In June 2022, US President Joe Biden joined East Coast governors to launch the partnership, with eleven states working alongside the Administration to maximise the benefits of Atlantic offshore wind development for workers and communities.
As a first step, the White House and the governors announced commitments to collaborate on expanding key elements of the offshore wind supply chain, from manufacturing facilities to port capabilities to workforce development. The Biden-Hartis Administration also announced steps to advance a National Offshore Wind Supply Chain Roadmap and designate offshore wind vessels as Vessels of National Interest to facilitate more offshore wind construction.
California and Louisiana now joined the initiative shortly after the first-ever floating offshore wind auction was held on the Pacific Coast and the first-ever lease sale was announced for the Gulf of Mexico, bringing the number of states within the partnership to 13.
The US Bureau of Ocean Energy Management (BOEM) completed the lease sale offshore California at the beginning of December 2022. The auction, the first-ever on the Pacific Coast and the first-ever organised for floating wind projects, brought in USD 757.1 million to the US Treasury from the winning bids for the five lease areas.
The project capacities are well beyond those originally estimated and almost double the expected total capacity of 4.5 GW with at least 8.1 GW of floating wind likely to be installed.
For the waters offshore Louisiana, a lease sale is coming up soon as BOEM just announced the issuance of a Proposed Sale Notice (PSN) to gather initial input. The time and date of the lease sale itself will be made known once BOEM published the Final Sale Notice (FSN).
BOEM will auction off three areas in the Gulf of Mexico, one offshore Lake Charles in Louisiana and two offshore Galveston in Texas.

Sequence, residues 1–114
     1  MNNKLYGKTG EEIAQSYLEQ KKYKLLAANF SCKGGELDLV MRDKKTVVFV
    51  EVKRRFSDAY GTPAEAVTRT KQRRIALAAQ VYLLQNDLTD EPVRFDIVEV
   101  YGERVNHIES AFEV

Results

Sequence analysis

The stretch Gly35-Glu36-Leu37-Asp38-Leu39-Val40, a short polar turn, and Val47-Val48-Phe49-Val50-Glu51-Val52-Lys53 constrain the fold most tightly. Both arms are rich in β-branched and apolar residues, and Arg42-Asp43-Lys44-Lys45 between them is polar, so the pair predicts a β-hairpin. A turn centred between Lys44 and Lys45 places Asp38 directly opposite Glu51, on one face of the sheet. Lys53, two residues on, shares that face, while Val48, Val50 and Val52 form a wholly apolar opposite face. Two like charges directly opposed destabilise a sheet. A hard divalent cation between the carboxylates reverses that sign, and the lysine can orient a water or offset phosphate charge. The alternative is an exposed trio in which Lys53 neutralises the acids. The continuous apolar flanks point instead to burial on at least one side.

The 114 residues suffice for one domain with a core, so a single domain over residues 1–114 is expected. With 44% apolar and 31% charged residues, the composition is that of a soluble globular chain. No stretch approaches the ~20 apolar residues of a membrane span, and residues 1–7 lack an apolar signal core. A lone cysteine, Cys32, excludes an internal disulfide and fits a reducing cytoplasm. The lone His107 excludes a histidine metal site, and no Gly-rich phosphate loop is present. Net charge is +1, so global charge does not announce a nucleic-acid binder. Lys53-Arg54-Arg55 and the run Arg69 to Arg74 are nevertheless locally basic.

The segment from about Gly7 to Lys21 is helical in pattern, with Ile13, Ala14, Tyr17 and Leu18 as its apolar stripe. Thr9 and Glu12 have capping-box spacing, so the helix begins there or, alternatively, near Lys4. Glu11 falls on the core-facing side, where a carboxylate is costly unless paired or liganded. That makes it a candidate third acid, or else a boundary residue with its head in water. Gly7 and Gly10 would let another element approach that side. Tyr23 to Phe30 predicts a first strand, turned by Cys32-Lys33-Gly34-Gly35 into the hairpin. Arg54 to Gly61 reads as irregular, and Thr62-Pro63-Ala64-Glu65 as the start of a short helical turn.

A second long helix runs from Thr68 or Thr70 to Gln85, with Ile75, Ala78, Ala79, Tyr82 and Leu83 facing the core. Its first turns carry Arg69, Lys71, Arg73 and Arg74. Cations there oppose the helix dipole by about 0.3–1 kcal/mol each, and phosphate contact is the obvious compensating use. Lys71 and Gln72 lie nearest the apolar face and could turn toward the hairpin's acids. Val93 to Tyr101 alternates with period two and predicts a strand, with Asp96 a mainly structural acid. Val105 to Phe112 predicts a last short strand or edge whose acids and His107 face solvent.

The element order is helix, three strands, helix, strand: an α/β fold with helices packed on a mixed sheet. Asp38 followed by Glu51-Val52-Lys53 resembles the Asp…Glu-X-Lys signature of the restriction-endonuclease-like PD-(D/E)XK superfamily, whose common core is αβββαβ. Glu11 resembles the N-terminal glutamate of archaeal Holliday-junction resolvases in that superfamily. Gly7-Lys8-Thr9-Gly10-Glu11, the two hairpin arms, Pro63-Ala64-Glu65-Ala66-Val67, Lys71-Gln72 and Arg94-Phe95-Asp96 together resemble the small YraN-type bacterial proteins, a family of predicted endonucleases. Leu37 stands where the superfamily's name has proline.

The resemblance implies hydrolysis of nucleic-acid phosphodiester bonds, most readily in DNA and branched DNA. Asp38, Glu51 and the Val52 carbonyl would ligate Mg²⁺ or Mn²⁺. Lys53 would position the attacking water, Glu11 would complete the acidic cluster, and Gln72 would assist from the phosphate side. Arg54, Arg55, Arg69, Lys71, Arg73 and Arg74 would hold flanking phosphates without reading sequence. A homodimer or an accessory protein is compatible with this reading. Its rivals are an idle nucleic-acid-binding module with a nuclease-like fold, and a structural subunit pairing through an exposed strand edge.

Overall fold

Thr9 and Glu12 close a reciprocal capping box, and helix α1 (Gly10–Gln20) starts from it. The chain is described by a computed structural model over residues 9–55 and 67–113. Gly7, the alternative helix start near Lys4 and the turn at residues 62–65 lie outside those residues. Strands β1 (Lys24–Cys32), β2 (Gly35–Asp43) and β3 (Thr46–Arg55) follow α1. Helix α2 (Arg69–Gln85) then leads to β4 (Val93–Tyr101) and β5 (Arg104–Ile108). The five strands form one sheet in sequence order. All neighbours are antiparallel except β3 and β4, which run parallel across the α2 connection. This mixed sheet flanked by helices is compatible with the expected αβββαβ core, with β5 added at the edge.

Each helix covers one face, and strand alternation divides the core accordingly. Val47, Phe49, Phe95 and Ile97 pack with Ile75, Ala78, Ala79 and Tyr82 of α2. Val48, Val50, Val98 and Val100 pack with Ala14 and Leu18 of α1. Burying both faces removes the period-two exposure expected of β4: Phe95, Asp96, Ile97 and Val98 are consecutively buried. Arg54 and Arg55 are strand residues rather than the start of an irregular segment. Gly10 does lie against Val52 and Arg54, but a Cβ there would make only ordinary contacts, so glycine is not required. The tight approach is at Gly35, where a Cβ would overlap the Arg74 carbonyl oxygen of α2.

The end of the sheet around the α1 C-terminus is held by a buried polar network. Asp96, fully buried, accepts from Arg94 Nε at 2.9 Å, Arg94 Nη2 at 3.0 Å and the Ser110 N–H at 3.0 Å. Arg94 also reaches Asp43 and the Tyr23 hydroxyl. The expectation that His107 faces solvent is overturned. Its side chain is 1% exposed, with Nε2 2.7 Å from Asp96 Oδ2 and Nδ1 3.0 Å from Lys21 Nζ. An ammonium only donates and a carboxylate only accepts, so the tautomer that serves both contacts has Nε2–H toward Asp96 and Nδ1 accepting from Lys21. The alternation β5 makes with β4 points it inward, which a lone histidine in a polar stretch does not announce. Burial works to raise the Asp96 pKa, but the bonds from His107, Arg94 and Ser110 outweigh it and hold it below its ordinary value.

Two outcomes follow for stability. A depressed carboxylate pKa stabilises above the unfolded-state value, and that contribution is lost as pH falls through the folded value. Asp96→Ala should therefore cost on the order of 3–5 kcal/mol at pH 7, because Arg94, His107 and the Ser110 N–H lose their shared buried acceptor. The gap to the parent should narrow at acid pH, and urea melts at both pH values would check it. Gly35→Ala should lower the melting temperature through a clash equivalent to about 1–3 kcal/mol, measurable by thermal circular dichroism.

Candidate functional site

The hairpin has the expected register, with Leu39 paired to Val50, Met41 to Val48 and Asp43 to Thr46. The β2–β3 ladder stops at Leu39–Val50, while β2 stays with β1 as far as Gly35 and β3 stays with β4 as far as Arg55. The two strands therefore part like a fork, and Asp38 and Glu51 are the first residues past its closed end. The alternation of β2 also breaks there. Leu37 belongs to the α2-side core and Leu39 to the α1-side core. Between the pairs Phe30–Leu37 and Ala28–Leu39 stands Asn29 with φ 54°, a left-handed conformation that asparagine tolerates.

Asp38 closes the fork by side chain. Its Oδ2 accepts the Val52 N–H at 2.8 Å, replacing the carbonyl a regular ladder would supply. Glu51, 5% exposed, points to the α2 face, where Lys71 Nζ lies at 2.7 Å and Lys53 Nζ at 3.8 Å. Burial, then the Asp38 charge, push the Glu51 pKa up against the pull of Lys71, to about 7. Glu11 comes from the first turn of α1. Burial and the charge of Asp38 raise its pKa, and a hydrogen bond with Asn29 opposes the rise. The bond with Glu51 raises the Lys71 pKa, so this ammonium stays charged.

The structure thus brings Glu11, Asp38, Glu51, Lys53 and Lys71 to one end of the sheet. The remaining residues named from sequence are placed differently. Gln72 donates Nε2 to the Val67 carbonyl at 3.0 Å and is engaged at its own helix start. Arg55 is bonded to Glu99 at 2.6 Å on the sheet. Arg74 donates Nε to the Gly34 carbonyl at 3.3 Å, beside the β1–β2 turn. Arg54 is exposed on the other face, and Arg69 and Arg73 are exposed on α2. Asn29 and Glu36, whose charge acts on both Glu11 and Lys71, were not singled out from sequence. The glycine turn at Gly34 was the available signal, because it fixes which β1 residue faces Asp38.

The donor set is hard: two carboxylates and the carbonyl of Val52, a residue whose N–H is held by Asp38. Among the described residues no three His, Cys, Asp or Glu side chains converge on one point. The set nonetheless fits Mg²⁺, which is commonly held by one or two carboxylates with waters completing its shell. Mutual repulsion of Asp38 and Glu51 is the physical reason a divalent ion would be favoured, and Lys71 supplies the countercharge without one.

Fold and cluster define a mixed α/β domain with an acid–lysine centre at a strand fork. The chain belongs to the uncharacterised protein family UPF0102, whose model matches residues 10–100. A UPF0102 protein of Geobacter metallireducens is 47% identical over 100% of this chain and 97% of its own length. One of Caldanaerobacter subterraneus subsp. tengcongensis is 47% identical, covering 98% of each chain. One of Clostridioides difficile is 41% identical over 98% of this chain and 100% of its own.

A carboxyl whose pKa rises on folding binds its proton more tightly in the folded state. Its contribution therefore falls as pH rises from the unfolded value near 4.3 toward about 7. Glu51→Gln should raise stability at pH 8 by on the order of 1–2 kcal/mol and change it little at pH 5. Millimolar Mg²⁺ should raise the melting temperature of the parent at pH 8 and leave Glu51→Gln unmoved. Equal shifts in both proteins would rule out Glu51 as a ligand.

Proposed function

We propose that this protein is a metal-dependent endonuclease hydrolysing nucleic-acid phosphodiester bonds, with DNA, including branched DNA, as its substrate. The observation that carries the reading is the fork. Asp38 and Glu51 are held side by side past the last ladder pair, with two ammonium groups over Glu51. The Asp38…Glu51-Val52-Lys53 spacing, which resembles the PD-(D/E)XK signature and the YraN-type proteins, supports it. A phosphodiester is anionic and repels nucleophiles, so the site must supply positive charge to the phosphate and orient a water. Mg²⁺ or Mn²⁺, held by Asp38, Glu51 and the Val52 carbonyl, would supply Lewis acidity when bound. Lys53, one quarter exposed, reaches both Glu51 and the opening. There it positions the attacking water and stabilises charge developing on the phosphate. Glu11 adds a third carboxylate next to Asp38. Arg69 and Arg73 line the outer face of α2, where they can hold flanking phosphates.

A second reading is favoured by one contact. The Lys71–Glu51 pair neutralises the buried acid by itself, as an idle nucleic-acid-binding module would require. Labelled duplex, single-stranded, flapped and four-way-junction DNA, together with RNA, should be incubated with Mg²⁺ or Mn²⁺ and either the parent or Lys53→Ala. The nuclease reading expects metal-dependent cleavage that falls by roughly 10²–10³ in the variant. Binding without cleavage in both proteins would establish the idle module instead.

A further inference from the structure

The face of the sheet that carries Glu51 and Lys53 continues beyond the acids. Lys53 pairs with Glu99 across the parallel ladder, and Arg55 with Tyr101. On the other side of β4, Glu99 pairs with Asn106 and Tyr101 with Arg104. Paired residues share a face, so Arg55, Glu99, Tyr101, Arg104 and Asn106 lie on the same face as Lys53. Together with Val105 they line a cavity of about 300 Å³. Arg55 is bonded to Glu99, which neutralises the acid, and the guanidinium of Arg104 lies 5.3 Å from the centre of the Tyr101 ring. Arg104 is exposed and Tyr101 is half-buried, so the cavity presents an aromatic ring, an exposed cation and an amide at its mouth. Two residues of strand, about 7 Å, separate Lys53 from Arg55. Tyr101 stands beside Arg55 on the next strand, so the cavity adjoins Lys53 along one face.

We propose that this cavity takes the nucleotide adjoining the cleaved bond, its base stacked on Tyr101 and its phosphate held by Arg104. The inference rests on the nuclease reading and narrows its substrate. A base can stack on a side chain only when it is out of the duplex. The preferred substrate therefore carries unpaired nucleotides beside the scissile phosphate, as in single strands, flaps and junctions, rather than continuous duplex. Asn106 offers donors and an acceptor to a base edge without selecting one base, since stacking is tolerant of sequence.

California and Louisiana are also leading the efforts to install offshore wind turbines on the West Coast and in the Gulf of Mexico from a state level.
In August last year, California adopted increased offshore wind targets after Governor Gavin Newsom called for the state’s offshore wind target for 2045 to be raised to at least 20 GW.
The state now aims at having 2-5 GW of floating offshore wind capacity by 2030 and up to 25 GW installed by 2045.
Meanwhile, in the Gulf of Mexico, Louisiana was the first state in that region to set an offshore wind target and to start actively working on bringing offshore wind generation capacity to its grid.
At the beginning of last year, Louisiana set a target of 5 GW of installed offshore wind capacity by 2035 in its first-ever Climate Action Plan. The plan also set requirements for strategic collaboration across Louisiana’s state agencies and the federal government, transmission planning agencies, energy regulators, utilities, and the private sector to take additional steps to advance the development of offshore wind power generation.
In a press release issued on 22 February, the White House also noted the two states’ efforts to lead offshore wind development in their respective regions.
“California Governor Gavin Newsom and Louisiana Governor John Bel Edwards have been leaders on seizing clean energy opportunities that create good-paying jobs, lower costs for families, and reduce climate pollution”, the White House stated.
After joining the federal-state partnership, California’s Governor Gavin Newsom said: “We’re in the midst of a clean energy revolution, and ramping up the development of offshore wind energy will help move our state off dirty fossil fuels. Thanks to the leadership of the Biden-Harris Administration, offshore wind energy has gone from a distant pipedream to a burgeoning reality”.
“With this new federal Partnership, California will continue spearheading efforts to bring offshore wind energy to the West Coast while creating thousands of good jobs and tackling the climate crisis”.